Stepping away from paint into the world of sculpture there are so many places that are now being used as galleries outside of the norm. I like the idea of sculpture parks, like the Forest of Dean Sculpture Trail. Putting a piece of sculpture in the context of nature, where the elements can get to it. Of course this is not art you can buy but it can be appreciated, and your perception and feelings towards it are always going to be different depending on the weather. You are more likely to rush around when its cold and wet than if it was a warm sunny day where you can linger and explore all the aspects of it. Sculpture parks and walks allow you to go back time after time and experience the same things in different ways, something that isn’t really possible in a climate controlled museum or gallery.

P1020881 P1020900There is so much creativity out there that its hard to contain it all within the four walls of an art gallery – of course do not tell that to all those boutique private galleries that fill the streets of London and other cities a like trying to sell the wares of artists. As long as it isn’t hurting anyone I do not see a problem with using new spaces to express yourself through art. I hope to keep seeing art popping up in unusual places. I encourage you to go out and find art in unusal places. Find something and keep going back and see how the elements effect your perceptions of it. Go and explore art – I dare you!

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South Africa – Cape Town

When you arrive into Cape Town the landscape is dominated by one thing, Table Mountain! It’s ever present when you are staying there and the views from it are beautiful. Situated on the coast of the Western Cape, the ‘Mother City’ as it is known due to its historical role in the development of modern South Africa, has golden beaches, a national park at the heart of the city and is multicultural with many stories to tell.

There is so much to see and do on the Cape Peninsula, you are surrounded by history, a beautiful national park, wildlife and of course the winelands. I had just over four days in the Cape and it was not enough. This is a destination where you could quite happily spend a week or two exploring the beaches, walking through the various parts of the national park and of course head to the winelands. Instead of rambling on about it, here are some of my favourite photos, hopefully they will give you an idea of just have stunning it is. I have fallen for Cape Town and will most definitely be returning to carry on exploring and getting more of its fantastic food and wine!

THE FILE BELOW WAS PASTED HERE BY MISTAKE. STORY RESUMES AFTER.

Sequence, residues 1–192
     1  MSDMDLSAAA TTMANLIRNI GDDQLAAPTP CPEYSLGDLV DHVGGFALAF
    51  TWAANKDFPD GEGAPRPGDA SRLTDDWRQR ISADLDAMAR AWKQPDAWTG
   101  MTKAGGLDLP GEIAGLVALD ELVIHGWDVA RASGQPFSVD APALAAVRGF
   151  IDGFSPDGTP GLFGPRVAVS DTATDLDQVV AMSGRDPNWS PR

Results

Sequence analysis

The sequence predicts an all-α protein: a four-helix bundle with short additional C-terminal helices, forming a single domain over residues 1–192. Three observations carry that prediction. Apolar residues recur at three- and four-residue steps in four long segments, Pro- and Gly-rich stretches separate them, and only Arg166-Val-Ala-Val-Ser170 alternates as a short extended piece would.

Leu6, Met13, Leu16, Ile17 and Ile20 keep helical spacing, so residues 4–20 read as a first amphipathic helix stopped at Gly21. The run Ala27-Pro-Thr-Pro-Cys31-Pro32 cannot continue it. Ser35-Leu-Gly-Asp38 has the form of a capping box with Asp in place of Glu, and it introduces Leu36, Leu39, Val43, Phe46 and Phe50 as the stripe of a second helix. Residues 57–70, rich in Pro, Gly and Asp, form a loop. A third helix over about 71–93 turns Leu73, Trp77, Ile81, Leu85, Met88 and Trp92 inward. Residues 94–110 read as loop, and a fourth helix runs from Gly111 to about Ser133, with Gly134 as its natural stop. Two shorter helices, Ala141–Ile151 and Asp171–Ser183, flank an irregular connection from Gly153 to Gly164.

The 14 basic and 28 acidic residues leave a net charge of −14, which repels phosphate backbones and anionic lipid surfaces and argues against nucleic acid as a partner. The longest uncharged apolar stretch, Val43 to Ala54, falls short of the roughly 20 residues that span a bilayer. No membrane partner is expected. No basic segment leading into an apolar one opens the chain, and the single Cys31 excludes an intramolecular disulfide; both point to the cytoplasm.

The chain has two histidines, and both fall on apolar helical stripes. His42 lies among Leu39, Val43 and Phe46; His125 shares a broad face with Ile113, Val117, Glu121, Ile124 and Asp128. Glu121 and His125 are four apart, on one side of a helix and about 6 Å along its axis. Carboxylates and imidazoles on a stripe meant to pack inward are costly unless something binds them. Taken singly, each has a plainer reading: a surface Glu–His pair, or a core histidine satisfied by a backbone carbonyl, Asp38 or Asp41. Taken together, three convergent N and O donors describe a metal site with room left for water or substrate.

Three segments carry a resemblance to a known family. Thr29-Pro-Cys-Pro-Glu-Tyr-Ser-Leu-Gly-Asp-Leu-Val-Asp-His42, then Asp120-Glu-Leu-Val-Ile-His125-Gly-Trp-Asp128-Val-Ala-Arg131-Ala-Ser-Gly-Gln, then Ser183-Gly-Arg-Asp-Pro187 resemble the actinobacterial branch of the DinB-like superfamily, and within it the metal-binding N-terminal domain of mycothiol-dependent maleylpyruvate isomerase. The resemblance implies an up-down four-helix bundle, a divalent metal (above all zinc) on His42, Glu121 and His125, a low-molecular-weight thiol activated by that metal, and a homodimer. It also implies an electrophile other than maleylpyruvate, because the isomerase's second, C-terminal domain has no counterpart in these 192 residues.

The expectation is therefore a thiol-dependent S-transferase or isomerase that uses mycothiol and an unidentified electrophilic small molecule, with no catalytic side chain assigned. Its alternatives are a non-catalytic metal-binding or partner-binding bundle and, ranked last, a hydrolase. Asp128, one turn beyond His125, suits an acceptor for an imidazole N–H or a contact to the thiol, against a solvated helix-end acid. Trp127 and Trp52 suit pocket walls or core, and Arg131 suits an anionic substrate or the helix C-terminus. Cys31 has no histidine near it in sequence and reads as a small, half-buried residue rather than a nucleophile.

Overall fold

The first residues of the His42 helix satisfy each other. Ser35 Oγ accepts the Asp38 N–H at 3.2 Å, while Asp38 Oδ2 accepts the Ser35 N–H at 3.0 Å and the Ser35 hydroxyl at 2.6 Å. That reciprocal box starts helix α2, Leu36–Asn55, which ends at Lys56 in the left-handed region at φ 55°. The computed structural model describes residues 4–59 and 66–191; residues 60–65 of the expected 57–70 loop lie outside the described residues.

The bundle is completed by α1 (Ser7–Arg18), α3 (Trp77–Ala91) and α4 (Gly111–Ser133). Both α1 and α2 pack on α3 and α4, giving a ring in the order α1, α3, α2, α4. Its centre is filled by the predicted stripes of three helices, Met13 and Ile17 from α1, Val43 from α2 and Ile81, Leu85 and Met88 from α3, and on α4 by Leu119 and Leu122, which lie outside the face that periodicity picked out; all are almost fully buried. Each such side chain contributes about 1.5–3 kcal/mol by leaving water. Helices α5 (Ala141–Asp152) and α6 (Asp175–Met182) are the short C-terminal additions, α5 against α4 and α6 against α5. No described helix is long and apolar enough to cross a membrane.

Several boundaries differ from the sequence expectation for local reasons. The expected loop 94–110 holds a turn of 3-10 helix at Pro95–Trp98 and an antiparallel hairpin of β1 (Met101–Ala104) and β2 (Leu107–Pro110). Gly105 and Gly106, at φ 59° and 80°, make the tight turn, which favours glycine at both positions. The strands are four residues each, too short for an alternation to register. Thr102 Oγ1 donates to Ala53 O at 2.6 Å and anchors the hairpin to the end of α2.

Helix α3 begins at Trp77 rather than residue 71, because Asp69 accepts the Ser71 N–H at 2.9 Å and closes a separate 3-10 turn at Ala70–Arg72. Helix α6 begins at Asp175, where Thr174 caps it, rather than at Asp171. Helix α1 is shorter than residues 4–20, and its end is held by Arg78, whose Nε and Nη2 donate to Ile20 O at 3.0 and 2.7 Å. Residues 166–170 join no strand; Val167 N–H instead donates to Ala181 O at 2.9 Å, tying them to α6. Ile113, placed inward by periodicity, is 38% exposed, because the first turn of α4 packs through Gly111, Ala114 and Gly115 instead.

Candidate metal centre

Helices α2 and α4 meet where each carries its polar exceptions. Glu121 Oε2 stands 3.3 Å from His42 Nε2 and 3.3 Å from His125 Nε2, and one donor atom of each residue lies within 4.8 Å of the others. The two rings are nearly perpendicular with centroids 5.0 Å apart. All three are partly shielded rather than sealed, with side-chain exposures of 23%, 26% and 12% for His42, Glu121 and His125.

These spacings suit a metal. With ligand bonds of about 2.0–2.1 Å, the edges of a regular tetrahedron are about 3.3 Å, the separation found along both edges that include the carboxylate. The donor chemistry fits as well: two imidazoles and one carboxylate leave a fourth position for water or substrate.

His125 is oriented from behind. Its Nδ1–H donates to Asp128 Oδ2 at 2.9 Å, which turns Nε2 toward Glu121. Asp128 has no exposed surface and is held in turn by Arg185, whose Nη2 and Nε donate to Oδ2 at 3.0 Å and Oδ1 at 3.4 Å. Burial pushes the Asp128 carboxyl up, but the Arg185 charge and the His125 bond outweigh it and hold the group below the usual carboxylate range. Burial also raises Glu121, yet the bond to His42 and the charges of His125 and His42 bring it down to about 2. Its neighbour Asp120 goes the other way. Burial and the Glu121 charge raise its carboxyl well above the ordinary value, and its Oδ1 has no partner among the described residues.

Cape Town

The Victoria and Alfred Waterfront, a fabulous development of shops, restaurants and entertainment

The Victoria and Alfred Waterfront, a fabulous development of shops, restaurants and entertainment

For something a little more challenging why not walk up Table Mountain rather than get the cable car - not for the faint hearted as its steep and hot but the views are well worth it - Cape Town at dawn!

For something a little more challenging why not walk up Table Mountain rather than get the cable car – not for the faint hearted as its steep and hot but the views are well worth it – Cape Town at dawn!

Cape Town and the ever dominering Table Mountain from the ferry to Robben Island

Cape Town and the ever domineering Table Mountain from the ferry to Robben Island

Cape Town is full of architectual diversity thanks to its colonial history and more recently becoming the world design capital for 2015

Cape Town is full of architectural diversity thanks to its colonial history and more recently becoming the world design capital for 2015

While in Cape Town we went on a walk around one of the townships, it was incredibly eye opening to meet the people who lived there, see how things are and how they are changing.

While in Cape Town we went on a walk around one of the townships, it was incredibly eye-opening to meet the people who lived there, see how things are and how they are changing.

One of the ingenious ways that people are making life better for themselves in the townships is by using old shipping containers and turning them into shops and business, such as hairdressers, clothes shops and street food venders.